Rethinking the last mile to cut transport emissions in foodservice: ‘We see ourselves as the future of food distribution’

By Flora Southey contact

- Last updated on GMT

Collectiv Food ‘breaks free’ from the conventional logistics model with a network of refrigerated Points of Distribution (PODs) in London, and as of last year, Paris.  Image source: Collectiv Food
Collectiv Food ‘breaks free’ from the conventional logistics model with a network of refrigerated Points of Distribution (PODs) in London, and as of last year, Paris. Image source: Collectiv Food

Related tags: Food miles, transport, Restaurant

London-based Collectiv Food is ‘breaking free’ from the conventional logistics model with a network of temperature-controlled Points of Distribution (PODs) for professional kitchen clients.

Research suggests transport accounts for one-fifth of total food-system emissions​, with fresh fruit and vegetables amongst the most carbon-intensive.

In foodservice, the classic logistics model sees distributors deliver produce from a centralised warehouse to professional kitchens in trucks. Deliveries are made one-after-another, which increases traffic levels in peak hours and exacerbate air pollution.

This system, according to entrepreneur Jeremy Hibbert-Garibaldi, is outdated. In 2018, Hibbert-Garibaldi launched an ‘antidote’ to the ‘opacity and malpractice’ he had observed in food wholesale: a London-based start-up he has coined Collectiv Food.

Collectiv Food ‘breaks free’ from the conventional logistics model with a network of refrigerated Points of Distribution (PODs) in London, and as of last year, Paris.

Deploying PODs in unused spaces

“We see ourselves as the future of distribution,” ​Collectiv Food founder and CEO Hibbert-Garibaldi told delegates at SIAL 2022 in Paris.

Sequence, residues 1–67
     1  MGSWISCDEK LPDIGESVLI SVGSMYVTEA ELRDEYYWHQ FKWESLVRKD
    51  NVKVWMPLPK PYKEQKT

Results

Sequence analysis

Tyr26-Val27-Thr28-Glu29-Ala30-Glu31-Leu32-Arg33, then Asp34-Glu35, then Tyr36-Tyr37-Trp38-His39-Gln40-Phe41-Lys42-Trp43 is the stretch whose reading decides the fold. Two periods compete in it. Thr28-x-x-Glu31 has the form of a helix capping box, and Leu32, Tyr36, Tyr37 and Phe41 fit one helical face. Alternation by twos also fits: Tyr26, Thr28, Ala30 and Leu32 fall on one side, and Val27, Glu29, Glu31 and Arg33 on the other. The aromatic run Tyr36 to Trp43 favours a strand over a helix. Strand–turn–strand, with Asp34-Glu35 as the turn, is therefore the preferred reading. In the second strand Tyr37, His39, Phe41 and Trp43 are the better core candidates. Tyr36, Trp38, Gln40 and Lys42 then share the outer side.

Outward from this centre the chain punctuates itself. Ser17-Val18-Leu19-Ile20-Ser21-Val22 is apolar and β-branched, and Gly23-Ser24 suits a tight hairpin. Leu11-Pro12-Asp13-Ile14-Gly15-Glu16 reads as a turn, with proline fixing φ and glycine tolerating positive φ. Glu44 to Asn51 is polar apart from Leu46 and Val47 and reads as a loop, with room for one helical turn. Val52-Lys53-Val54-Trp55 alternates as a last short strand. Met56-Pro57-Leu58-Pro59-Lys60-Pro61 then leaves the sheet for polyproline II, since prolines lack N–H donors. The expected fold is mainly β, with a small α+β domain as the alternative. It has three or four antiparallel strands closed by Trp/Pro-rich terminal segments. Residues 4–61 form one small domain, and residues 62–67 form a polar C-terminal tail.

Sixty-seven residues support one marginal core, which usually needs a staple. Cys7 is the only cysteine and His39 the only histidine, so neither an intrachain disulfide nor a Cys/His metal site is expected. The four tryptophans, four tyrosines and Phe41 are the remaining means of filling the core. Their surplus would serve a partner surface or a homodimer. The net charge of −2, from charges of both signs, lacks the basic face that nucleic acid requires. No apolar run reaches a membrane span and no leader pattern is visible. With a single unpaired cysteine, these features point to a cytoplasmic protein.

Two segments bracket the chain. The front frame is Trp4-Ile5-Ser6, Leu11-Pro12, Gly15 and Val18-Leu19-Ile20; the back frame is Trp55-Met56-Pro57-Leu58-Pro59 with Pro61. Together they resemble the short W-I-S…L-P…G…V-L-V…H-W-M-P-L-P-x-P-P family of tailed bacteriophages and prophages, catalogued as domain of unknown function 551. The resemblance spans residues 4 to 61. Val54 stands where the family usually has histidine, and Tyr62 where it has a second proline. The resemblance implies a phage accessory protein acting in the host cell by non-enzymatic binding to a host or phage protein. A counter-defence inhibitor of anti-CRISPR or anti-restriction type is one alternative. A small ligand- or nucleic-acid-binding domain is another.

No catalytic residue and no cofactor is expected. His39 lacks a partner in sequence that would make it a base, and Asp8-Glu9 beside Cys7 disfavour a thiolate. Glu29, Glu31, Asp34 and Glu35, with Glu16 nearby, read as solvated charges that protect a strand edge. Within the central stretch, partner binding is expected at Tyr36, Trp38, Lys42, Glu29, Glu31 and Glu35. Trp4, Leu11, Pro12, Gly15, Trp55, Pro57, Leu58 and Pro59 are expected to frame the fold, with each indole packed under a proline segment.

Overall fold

The start-up’s solution tackles the logistical challenge of making daily, fresh deliveries to restaurants in cities – particularly in those with emissions regulations. In London, for example, only a small number of vehicles are entitled to an exemption from the Low Emission Zone (LEZ) and Congestion Charge.

“The biggest challenge, for us, was not to reproduce the model of one-stop-after-another distribution. We wanted to be more efficient and smarter in how we brought these products to market.”

So how is Collectiv Food re-thinking the last mile? “We’ve deployed PODs in unused spaces in the city,” ​explained the founder. With support from city management, the start-up has identified locations under bridges, next to highways, and in carparks. “There are a lot of places that people don’t really want to use but are strategic for our [distribution network].”

With orders from its clients already prepared, Collectiv Food stocks these temperature-controlled PODs from its warehouse during the night. Early in the morning, these orders are delivered to professional kitchens using electric cargo bikes or smaller vehicles with spare capacity already making journeys into the city.

By actively reducing peak hour traffic levels in these cities, the start-up claims to be reducing emissions in the city air by up to 50%.